I went so far as to dig out the bike my Dad bought me in high school, on which I have ridden many miles, mostly in the rolling hills of the Ozarks, but also in the steep hills of Salt Lake City, and the flatlands of Houston and Boston.
The last time I rode the Trek was in 2008, which I remember all too well because I was right hooked.
It was the only time I've had an accident in four years of daily commuting. Robert was in the shop, so I rode the Trek. I was filtering up, and someone in the slow moving queue suddenly turned right. I managed to stop/ swerve/ push off their quarterpanel, and was only scraped up by falling, but it was scary, and I was convinced that if I'd been riding an upright bike it wouldn't have happened. It wouldn't have happened if I weren't filtering either, and it's one of the reasons that I generally don't anymore.
So I thought maybe I could make it into a touring bike. I have it, it basically fits (maybe a touch small) and it's a decent frame and a perfectly fine set of Shimano components (Biopace!!). Additionally I was having a stressful summer and decided that strenuous exercise was a better solution to stress than Ben and Jerry's Despite years of neglect, all I had to do was pump up the (Specialized Armadillo) tires, remove the misguided clipless pedals *, and re-install the original toe-clip pedals that were still lingering in my bike parts bin. (moral of the story-never throw ANYTHING away)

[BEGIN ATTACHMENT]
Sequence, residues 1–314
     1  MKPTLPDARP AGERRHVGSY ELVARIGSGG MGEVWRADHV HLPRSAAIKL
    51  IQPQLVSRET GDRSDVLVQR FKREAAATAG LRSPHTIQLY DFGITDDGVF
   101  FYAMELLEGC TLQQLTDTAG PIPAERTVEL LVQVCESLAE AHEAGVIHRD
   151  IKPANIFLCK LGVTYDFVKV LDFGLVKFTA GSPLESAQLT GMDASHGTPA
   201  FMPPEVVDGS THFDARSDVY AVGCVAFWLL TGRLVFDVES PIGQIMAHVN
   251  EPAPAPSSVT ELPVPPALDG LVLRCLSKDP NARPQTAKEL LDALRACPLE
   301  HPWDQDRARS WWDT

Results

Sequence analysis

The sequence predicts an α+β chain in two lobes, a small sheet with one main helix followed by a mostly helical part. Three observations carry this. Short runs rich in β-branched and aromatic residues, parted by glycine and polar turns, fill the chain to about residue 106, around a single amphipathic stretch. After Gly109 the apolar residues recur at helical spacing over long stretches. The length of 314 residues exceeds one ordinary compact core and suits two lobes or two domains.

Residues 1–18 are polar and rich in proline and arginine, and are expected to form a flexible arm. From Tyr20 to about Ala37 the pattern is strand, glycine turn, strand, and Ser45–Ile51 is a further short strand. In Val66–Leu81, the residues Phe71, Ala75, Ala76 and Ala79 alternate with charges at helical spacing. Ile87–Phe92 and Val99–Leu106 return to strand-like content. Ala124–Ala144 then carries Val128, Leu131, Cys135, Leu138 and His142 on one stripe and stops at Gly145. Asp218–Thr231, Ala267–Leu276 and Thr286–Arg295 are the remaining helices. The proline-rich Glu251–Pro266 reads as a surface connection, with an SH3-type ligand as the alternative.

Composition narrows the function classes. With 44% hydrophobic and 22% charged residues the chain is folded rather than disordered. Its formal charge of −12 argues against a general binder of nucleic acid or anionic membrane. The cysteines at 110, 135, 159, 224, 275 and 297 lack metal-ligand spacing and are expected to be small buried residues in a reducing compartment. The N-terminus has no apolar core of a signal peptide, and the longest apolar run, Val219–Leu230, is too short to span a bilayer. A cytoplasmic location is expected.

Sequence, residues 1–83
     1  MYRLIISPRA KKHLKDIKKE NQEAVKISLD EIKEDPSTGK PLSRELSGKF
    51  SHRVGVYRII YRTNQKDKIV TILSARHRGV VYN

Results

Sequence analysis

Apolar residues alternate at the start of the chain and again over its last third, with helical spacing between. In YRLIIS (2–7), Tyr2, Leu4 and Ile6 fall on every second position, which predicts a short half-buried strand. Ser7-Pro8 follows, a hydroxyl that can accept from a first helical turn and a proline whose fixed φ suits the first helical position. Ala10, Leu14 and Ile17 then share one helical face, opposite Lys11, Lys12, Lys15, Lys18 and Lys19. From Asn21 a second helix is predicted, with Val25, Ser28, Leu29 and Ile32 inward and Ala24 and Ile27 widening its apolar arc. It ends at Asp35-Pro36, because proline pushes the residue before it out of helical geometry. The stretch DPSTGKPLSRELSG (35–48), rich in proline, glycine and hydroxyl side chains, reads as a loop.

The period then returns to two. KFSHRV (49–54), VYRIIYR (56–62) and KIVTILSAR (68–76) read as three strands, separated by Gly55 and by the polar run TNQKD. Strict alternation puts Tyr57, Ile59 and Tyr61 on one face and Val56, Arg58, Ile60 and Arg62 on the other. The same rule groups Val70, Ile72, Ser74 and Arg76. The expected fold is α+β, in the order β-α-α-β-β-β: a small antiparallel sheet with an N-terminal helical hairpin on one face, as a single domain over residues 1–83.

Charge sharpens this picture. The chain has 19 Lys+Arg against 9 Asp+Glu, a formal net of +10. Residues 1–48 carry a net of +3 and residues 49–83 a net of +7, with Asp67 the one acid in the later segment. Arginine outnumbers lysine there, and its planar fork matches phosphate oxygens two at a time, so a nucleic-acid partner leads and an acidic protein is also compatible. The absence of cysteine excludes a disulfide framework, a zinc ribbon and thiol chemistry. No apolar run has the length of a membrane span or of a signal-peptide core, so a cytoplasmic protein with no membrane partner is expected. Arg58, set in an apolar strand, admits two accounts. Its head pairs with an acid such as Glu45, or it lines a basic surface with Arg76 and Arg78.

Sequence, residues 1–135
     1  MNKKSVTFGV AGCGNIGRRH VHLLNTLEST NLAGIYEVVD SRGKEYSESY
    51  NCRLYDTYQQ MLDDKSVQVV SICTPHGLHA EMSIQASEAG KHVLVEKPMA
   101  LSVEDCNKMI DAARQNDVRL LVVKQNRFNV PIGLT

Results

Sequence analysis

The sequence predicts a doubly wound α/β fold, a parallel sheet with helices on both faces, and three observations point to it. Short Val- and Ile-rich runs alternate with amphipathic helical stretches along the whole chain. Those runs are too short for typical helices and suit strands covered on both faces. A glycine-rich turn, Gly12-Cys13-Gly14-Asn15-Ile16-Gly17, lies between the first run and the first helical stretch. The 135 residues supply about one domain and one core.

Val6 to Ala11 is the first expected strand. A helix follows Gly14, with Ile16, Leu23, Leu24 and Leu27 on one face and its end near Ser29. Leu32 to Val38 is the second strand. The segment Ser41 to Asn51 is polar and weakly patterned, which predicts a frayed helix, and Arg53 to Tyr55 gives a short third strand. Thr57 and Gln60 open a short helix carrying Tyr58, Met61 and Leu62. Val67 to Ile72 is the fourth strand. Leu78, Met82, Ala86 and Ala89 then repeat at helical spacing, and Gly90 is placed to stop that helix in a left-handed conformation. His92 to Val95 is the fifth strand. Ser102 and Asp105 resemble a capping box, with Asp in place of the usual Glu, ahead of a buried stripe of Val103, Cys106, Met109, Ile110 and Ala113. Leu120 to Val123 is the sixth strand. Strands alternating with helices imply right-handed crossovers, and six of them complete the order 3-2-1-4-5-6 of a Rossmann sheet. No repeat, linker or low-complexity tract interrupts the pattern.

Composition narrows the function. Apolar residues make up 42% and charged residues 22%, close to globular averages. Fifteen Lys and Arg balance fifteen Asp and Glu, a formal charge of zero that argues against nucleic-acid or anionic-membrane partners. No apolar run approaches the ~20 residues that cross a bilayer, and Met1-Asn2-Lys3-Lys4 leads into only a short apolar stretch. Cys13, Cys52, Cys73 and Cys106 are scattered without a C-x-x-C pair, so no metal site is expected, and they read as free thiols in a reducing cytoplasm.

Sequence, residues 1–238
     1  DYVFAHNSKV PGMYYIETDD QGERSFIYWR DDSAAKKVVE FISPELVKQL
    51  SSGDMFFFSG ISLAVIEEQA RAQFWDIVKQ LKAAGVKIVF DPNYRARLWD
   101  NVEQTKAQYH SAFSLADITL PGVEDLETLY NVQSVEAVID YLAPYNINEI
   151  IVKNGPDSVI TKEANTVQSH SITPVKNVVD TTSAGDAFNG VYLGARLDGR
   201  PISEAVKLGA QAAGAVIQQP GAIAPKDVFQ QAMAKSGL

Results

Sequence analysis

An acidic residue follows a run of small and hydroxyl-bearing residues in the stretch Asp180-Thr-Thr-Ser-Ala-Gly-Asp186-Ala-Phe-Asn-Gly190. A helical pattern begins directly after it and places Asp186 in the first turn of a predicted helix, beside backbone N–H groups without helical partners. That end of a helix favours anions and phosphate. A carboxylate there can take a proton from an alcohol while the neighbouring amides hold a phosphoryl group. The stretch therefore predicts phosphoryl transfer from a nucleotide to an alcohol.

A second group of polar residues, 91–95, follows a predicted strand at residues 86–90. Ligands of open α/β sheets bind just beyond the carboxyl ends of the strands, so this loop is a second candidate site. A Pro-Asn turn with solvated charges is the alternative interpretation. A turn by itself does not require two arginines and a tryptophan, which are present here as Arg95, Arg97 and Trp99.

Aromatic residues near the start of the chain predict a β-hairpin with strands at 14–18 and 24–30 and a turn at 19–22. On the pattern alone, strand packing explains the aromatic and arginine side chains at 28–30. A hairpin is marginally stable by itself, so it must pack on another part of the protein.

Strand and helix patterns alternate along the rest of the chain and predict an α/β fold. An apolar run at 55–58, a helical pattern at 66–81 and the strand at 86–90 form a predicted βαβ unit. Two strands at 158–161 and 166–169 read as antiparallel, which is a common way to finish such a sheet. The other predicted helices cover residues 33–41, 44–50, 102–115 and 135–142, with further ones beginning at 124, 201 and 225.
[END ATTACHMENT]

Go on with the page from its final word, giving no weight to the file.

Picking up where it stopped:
* there's a whole post about how terrible an idea the clipless pedals were...I also raised the stem to the "max" line.
|Gilbert looks on in horor, as I excavate the Trek from the depths of the bike shed|
|Why yes, that is the legendary "flickstand"|
I took a couple of 10 mile rides, mostly alone, but a couple with the Scientist. And, well, I'm not sure it's worth the effort of conversion. Compared to Gilbert, the Trek was so squirrely- feeling like it will turn on a dime, when all I want to do is cruise effortlessly along. It probably doesn't help that while I feel comfortable going fast on it, I'm very tentative when going slow, which unfortunately, makes me slow even further, when perhaps I should speed up for greater stability. (I have this problem skiing too). It's a lot of fun to really go fast, and with legs honed by pushing 45 lbs of bike around an hour every day for years, I could easily keep up with the longer legged Scientist. I even tried drafting for the first time, which was a bit too much for my fledgling confidence.
|The downside of no chain case|
|Turning veeeerrrrry carefully.|